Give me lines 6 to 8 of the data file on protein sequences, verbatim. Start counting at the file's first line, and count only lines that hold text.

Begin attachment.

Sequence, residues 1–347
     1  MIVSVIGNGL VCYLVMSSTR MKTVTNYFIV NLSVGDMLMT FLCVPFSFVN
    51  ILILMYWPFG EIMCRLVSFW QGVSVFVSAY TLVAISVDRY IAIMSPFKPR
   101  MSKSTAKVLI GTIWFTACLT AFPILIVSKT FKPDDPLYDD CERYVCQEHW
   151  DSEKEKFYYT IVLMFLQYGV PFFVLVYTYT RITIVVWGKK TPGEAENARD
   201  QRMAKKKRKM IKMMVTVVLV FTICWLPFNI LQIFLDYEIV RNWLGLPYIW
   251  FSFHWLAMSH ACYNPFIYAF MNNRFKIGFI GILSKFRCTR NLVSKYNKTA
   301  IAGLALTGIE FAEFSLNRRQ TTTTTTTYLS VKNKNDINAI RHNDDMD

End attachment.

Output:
   201  QRMAKKKRKM IKMMVTVVLV FTICWLPFNI LQIFLDYEIV RNWLGLPYIW
   251  FSFHWLAMSH ACYNPFIYAF MNNRFKIGFI GILSKFRCTR NLVSKYNKTA
   301  IAGLALTGIE FAEFSLNRRQ TTTTTTTYLS VKNKNDINAI RHNDDMD